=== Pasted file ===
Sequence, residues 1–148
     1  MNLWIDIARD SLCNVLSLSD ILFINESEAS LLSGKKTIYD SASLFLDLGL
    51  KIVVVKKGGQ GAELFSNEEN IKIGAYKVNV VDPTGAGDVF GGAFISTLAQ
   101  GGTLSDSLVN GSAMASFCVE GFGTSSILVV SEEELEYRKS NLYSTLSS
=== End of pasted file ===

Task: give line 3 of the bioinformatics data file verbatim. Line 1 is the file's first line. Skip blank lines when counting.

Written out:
    51  KIVVVKKGGQ GAELFSNEEN IKIGAYKVNV VDPTGAGDVF GGAFISTLAQ